George Ashlin was the partner in the Pugin firm with responsibility for Irish work. He married Mary Pugin, a sister of E.W.Pugin. Together, the Pugin/Ashlin partnership, which had offices at 90 St Stephens Green was responsible for about 22 Irish churches and some other buildings. Monkstown readers will be familiar with Glasthule and Donnybrook churches, both of which are Pugin/Ashlin designs and have many features similar to St Patricks.

Contract for construction
On December 30th 1863, a contract was signed with Michael Meade, Builder, of Great Brunswick St, Dublin for the construction of the church. The agreed price was £5,450, excluding the spire, and the work was scheduled for completion in one and a half years.

In 1865, Canon Cavanagh died before seeing the results of his commission. He was replaced by Monsignor Edward McCabe, P.P., (later to become Cardinal Archbishop of Dublin).

Some months later, on 1st December 1865, the Dublin Builder reported that “this church which is at present in the course of erection, is in the French Pointed style. Exclusive of sacristies &c., it is 180ft in length by 60ft in width. The principal view of the building obtained from the Dublin Road is the western front, which has been made as effective as possible on this account. The tower, which stands at the S.W. angle, has been somewhat detached from the nave wall to give greater width. The baptistery occupies the opposite angle, and has an aspidal termination projecting from the lines of the aisle walls. The entire breadth of this front is nearly 80 feet. There are two doorways in the the west gable, between which will stand a statue of the patron saint. These are surrounded by an arcade of five arches, supported on Aberdeen Granite columns over which is the rose window. The whole is enclosed by a lofty arch rising from the ground. The clerestory are arranged internally in the form of a continuous arcade resting on red sandstone columns. The other internal features will be sufficiently explained by the accompanying view.”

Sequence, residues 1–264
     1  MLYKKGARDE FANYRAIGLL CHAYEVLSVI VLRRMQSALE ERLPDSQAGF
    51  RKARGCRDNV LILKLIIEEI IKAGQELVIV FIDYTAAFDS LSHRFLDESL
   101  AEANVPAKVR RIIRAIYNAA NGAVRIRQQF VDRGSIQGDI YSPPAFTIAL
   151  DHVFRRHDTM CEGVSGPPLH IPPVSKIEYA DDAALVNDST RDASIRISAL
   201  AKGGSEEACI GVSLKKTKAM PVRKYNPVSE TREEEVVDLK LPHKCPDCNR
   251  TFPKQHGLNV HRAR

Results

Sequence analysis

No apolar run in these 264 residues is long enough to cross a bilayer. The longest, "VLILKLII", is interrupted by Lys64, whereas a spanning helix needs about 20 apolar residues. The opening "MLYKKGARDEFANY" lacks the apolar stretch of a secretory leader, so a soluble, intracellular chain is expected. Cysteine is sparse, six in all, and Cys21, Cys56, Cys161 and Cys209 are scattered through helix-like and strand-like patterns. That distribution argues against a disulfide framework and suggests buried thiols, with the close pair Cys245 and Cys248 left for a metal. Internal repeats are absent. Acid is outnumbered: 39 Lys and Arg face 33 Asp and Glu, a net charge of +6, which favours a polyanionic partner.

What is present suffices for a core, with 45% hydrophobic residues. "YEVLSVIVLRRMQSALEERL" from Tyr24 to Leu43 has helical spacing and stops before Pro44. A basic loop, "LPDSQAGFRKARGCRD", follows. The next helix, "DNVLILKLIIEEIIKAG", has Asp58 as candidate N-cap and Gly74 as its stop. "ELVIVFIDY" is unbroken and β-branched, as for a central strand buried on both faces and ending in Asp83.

The “accompanying view”, which can be seen here is a drawing by Pugin and Ashlin of the church interior, with no seats in place. There are slight differences from the finished church as it is now. In particular, the drawing shows decorated panels on the ceiling. Whether these were put in place and have been painted over is not known. There are, of course, modern modifications to the altar area and altar rails as well as the removal of the pulpit, all dating from the post-Vatican II period.

Although the actual construction took over two and a half years, it would appear even by modern standards to have been a very rapid construction. The table below shows that materials had to be brought in from a variety of locations within Ireland and from various places abroad. There were very limited mechanical aids available to assist in the construction.

Dedication and opening
On 8th September of 1866, with some unfinished items still outstanding, the dedication and opening was announced in the Freeman’s Journal:-

One week later, on Sept 15th 1866, on the eve of the dedication, the Freeman’s Journal reported with typical Victorian style:-

The dedication was performed by Paul Cardinal Cullen. There was a temporary altar and a temporary pulpit, and the spire was half-finished.

Fr James Leahy was moved from Kingstown to Monkstown as the first resident curate.

The spire was completed about 1881, under the supervision of John Loftus Robinson, using funds donated by a parishioner, Patrick Madden.

The Parochial House, adjacent to St Patrick’s was built in 1892 as a curates house.

The assistance of Gerard Hyland of The Pugin Society is acknowledged.